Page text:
Commentary: Somber Day in the News Business?

Does anyone in broadcast journalism ever have the feelings of somber? Or is it just anger to brag about social media statistics? If its the latter, then I fear it’s going to be the end of reporting as we know it. I am the last person to call myself a “journalist” I consider that a gift to you or others that deserve it. Who the hell is shooting video with moving figurines made out of ABS plastic? I mean c’mon here.

But the events in Texas as of this writing is just been 36 hours old. There has been more outrage than grief. The New York news talent has had more face time than anyone in the midwest or Texas bureaus is there is even one anymore (like Dallas.) CNN being the gatekeeper of the country’s local media didn’t seem to patch into any of the local affiliates and listening to what they are reporting. There was more speculation on gun control than there what was going on. Fox was the usual suspects of talking about mental health, and other wacky talking points. Can’t speak for MSNBC.

Locally in the Boston area, WCVB reminded me all the reasons why I don’t watch them anymore. Their excessive use of Adobe’s Premiere and the stupid, warp and morphing effects got me motion sickness. Worse was their opens was using the standard Strive theme package, that is too happy during such a somber event. What makes this even more depressing is Natalie Jacobson, the gold standard anchor who left the station in 2007 after almost 3 decades at the station; when corporate-says-so attitude crept into the station’s newsroom. And yes, there was a serious drop of standards and class was missing amongst Ed and Maria. (Do I need to bring up a unnamed anchor during Hurricane Sandy?) I digress…Ironically she appeared in a special yesterday as she’s promoting a new book. She never step foot in the same studio she retired and core elements of the set has remained in tact.

I am an outsider, I am glad I am not in a newsroom because I’d be kinda more like a Jerry Nachman than say a Walter Issacson during an emergent news situation. I’ll bring up those two guys in a later post… a tease to say the least! But unlike other people, I never  generalize the industry as “the media” implying as if the institution is evil, and I am not making cheap shots because I want to be a keyboard warrior. I give a damn too much about an industry and a profession that the people who are in there are not taking it seriously. It’s not about being straight in the middle or being fair, or having the RBF/game face. It’s about trying to collect the teams and try to not make every breaking news a Columbine or a 9/11. Or everything having red graphic or excessive drama.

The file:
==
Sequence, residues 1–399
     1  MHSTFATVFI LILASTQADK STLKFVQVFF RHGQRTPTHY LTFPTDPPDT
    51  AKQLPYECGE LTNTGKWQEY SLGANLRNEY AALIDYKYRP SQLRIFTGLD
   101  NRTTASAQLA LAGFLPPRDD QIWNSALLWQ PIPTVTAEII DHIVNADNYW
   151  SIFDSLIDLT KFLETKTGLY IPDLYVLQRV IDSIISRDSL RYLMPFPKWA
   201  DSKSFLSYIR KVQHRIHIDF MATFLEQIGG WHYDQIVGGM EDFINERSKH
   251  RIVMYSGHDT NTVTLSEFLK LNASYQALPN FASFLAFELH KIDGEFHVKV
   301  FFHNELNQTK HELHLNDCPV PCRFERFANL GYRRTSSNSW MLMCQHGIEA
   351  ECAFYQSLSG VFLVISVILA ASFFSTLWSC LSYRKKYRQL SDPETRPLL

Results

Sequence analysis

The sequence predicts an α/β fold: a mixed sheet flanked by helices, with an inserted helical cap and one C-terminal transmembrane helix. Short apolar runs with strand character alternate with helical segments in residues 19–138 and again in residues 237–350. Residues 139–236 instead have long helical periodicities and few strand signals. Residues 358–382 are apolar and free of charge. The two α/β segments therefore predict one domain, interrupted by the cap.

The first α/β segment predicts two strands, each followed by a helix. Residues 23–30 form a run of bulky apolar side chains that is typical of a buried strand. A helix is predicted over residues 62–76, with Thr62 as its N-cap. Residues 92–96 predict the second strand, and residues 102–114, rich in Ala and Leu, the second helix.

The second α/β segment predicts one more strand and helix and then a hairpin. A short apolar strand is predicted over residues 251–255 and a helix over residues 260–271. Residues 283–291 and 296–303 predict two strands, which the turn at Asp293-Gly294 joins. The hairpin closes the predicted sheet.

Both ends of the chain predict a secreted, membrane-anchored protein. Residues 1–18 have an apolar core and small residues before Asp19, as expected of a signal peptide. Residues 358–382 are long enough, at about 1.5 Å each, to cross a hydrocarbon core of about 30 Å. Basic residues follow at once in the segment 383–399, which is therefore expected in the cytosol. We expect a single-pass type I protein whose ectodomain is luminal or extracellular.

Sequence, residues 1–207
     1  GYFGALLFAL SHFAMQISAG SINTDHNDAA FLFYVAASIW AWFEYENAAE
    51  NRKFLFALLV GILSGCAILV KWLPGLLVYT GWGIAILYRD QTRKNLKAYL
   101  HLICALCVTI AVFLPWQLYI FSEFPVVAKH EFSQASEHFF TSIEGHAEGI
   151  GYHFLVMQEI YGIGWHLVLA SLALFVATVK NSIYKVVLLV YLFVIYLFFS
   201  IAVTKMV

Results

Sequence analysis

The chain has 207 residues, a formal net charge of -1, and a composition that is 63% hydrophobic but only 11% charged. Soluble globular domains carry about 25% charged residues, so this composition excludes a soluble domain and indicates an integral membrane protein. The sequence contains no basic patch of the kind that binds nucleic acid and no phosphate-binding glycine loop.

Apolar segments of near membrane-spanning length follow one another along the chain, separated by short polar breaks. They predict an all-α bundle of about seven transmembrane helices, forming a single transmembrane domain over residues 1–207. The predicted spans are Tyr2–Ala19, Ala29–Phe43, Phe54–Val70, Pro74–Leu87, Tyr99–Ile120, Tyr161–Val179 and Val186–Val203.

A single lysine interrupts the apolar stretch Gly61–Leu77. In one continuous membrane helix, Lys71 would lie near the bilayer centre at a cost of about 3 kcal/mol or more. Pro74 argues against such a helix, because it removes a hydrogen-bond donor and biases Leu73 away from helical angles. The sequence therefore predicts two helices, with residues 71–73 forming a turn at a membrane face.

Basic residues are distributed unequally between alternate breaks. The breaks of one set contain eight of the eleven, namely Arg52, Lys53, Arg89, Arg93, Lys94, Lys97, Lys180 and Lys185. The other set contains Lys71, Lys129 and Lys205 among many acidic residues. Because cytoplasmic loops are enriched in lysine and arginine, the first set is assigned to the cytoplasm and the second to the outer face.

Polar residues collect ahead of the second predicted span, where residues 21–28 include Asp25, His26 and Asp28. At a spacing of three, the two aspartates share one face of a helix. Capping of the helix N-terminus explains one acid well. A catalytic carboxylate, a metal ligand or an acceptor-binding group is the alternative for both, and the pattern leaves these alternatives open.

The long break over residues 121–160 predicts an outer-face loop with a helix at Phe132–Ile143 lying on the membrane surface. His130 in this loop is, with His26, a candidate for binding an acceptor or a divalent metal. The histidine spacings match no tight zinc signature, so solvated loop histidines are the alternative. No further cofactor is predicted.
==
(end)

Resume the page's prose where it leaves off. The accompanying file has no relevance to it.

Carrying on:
I saw too much politics and not enough stories from families or the neighbors. I had to do hunting. CNBC apparently during Shepard Smith’s show (that preempted an hour early from a special on crypto) aired some of the graphic images or descriptions of the shooting. I missed seeing this as I was channel surfing and ingesting the final broadcast of Harvey Lenoard, the long time meteorologist in Boston, starting at two different iterations of Channel 7 to the present WHDH and left to go Channel 5 2 decades ago.

Harvey said some interesting words at a staff barbecue outside the station, as two other staffers were retiring from the Hearst-owned ABC affiliate today as well:

“We desperately need other people.” What an understatement. I say this because I see the changes in local media and today was a bittersweet day for someone who has seen so many changes and lived in the same market for my entire life. How can you have a “team” if so many people are being combined to doing multiple jobs? TV is supposed to be visual so there is some work to make so called “performance” but that’s given since the start.  Harvey needs to say that to the corporate folks because it’s on them to decide what’s “desperately” needed.

I was grieving more about the loss of local and national media than people actually dying from yesterday’s attack because there seemed to be so little or just wasn’t done well editorially.


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